This is an experiment into genetic algorithms on Turing machines.
We use the GNU Multi-Precision arithmetic library (GMP) to store
our tapes as arbitrarily large integers, and use bit fiddling to
implement the Turing Machine's read and write.

These Turing machines are adapted from Turlough Neary's "Small
universal Turing Machines", and use a binary alphabet. This
keeps the logic simple, at the expense of a large number of
states (15 in the standard case, 17 in the monotone machine).

This is a simple Turing Machine simulation. It contains a
machine with a single tape and a single head.

This implements a "monotone" Turing Machine. Such a machine
has three tapes: an input tape, and output tape and a work
tape. The work tape behaves like a standard Turing Machine,
whilst the input and output tapes can only be moved one way.
This ensures that input is never duplicated, and output is
never overwritten.

The transitions in a monotone Turing Machine can depend on
the symbols under all three heads, but in this case we
simply replace the halting state of Neary's machine with a
simple branch to handle input and output. The tape contents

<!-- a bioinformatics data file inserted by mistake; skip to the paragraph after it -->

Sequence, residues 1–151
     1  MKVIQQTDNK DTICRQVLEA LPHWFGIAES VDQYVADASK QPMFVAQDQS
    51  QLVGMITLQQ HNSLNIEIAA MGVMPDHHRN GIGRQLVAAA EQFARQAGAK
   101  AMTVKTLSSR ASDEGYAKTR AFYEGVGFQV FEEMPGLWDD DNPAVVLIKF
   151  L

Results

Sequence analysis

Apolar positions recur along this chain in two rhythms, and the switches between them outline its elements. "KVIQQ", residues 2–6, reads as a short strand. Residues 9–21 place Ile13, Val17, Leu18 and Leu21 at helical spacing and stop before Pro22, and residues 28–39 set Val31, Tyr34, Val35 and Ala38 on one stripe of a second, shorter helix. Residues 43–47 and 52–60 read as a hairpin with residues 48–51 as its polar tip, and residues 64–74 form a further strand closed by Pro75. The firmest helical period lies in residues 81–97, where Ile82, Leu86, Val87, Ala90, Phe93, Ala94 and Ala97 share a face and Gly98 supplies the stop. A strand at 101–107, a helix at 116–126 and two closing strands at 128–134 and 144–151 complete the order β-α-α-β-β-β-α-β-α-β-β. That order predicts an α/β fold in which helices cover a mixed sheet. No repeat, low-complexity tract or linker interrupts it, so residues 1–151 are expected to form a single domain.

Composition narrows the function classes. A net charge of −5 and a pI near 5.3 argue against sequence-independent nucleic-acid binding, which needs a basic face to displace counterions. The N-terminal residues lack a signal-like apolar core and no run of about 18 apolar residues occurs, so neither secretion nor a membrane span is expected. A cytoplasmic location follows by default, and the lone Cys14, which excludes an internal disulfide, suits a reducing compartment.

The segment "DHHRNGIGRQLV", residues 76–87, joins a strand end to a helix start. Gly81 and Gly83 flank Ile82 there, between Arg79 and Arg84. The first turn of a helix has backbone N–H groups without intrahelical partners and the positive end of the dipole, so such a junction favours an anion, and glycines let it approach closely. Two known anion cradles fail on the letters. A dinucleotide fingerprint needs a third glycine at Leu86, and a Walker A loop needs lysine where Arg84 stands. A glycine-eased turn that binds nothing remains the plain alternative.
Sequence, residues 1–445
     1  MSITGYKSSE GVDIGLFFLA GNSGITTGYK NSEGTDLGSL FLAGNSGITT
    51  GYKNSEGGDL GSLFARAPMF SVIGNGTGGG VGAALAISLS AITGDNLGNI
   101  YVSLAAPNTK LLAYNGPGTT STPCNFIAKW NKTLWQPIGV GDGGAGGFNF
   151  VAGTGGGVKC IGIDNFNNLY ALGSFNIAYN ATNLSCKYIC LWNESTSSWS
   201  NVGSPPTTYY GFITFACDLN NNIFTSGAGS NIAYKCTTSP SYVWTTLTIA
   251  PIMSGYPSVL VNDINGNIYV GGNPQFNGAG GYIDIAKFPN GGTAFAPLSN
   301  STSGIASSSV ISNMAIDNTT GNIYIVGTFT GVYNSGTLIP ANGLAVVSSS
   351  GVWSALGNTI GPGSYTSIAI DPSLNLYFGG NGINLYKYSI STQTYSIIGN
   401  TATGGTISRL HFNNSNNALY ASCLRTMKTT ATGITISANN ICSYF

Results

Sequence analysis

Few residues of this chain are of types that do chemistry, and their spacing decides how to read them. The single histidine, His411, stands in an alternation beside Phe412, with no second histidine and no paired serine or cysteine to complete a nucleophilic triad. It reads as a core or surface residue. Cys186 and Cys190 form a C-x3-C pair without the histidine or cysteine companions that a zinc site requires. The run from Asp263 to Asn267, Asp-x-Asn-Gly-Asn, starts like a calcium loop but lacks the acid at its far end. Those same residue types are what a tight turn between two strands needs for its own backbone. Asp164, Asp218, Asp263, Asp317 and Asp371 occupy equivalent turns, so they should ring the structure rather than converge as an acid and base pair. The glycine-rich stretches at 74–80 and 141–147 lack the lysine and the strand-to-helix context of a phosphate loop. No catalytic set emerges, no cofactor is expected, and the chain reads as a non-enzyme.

(0 or 1) determine whether we read or write. If we read, the
contents of the current input cell are written to the left
of the work cell that told us to read. We then enter state 0.
If we are writing to the output then we enter a new state,
and then write the current work tape cell (0 or 1) to the
output. Again we move left and enter state 0.

Monotone machines are interesting because they a) do not halt
and b) have a definite output.

(a) is useful because, for our purposes, we do not care about
machines that halt. This reduces the fraction of useless
machines that we will encounter.
(b) is useful because, for our purposes (investigating
Kolmogorov complexity), we would like to know when to stop a
machine that's not working. When we haven't got enough output
yet, there's no way to know if we ever will (eg. we need a
timeout), but once enough bits are written, we can stop the


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